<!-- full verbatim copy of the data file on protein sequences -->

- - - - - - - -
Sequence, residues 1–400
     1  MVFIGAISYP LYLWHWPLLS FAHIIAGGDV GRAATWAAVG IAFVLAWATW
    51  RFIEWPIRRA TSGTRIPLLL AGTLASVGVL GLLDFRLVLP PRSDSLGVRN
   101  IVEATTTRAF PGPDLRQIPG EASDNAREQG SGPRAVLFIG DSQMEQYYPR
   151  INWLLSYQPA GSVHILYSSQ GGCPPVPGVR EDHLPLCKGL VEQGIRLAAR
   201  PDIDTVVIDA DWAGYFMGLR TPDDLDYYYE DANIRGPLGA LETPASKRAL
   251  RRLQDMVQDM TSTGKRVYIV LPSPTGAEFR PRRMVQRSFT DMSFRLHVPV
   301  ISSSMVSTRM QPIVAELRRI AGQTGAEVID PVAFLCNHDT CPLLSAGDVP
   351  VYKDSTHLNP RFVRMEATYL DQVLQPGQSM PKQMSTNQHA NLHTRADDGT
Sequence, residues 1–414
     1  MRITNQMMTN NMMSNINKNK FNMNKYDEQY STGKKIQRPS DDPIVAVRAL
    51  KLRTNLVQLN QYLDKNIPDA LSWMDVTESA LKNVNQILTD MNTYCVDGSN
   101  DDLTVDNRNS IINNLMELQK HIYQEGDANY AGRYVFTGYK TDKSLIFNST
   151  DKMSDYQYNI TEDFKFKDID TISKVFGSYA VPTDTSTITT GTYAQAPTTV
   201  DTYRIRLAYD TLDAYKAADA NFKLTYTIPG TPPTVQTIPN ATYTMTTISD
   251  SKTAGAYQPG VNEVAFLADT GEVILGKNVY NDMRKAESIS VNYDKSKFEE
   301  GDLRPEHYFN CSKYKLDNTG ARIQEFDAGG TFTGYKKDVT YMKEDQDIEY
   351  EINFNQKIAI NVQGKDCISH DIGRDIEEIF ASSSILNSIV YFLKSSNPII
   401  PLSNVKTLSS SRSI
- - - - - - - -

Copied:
Sequence, residues 1–400
     1  MVFIGAISYP LYLWHWPLLS FAHIIAGGDV GRAATWAAVG IAFVLAWATW
    51  RFIEWPIRRA TSGTRIPLLL AGTLASVGVL GLLDFRLVLP PRSDSLGVRN
   101  IVEATTTRAF PGPDLRQIPG EASDNAREQG SGPRAVLFIG DSQMEQYYPR
   151  INWLLSYQPA GSVHILYSSQ GGCPPVPGVR EDHLPLCKGL VEQGIRLAAR
   201  PDIDTVVIDA DWAGYFMGLR TPDDLDYYYE DANIRGPLGA LETPASKRAL
   251  RRLQDMVQDM TSTGKRVYIV LPSPTGAEFR PRRMVQRSFT DMSFRLHVPV
   301  ISSSMVSTRM QPIVAELRRI AGQTGAEVID PVAFLCNHDT CPLLSAGDVP
   351  VYKDSTHLNP RFVRMEATYL DQVLQPGQSM PKQMSTNQHA NLHTRADDGT
Sequence, residues 1–414
     1  MRITNQMMTN NMMSNINKNK FNMNKYDEQY STGKKIQRPS DDPIVAVRAL
    51  KLRTNLVQLN QYLDKNIPDA LSWMDVTESA LKNVNQILTD MNTYCVDGSN
   101  DDLTVDNRNS IINNLMELQK HIYQEGDANY AGRYVFTGYK TDKSLIFNST
   151  DKMSDYQYNI TEDFKFKDID TISKVFGSYA VPTDTSTITT GTYAQAPTTV
   201  DTYRIRLAYD TLDAYKAADA NFKLTYTIPG TPPTVQTIPN ATYTMTTISD
   251  SKTAGAYQPG VNEVAFLADT GEVILGKNVY NDMRKAESIS VNYDKSKFEE
   301  GDLRPEHYFN CSKYKLDNTG ARIQEFDAGG TFTGYKKDVT YMKEDQDIEY
   351  EINFNQKIAI NVQGKDCISH DIGRDIEEIF ASSSILNSIV YFLKSSNPII
   401  PLSNVKTLSS SRSI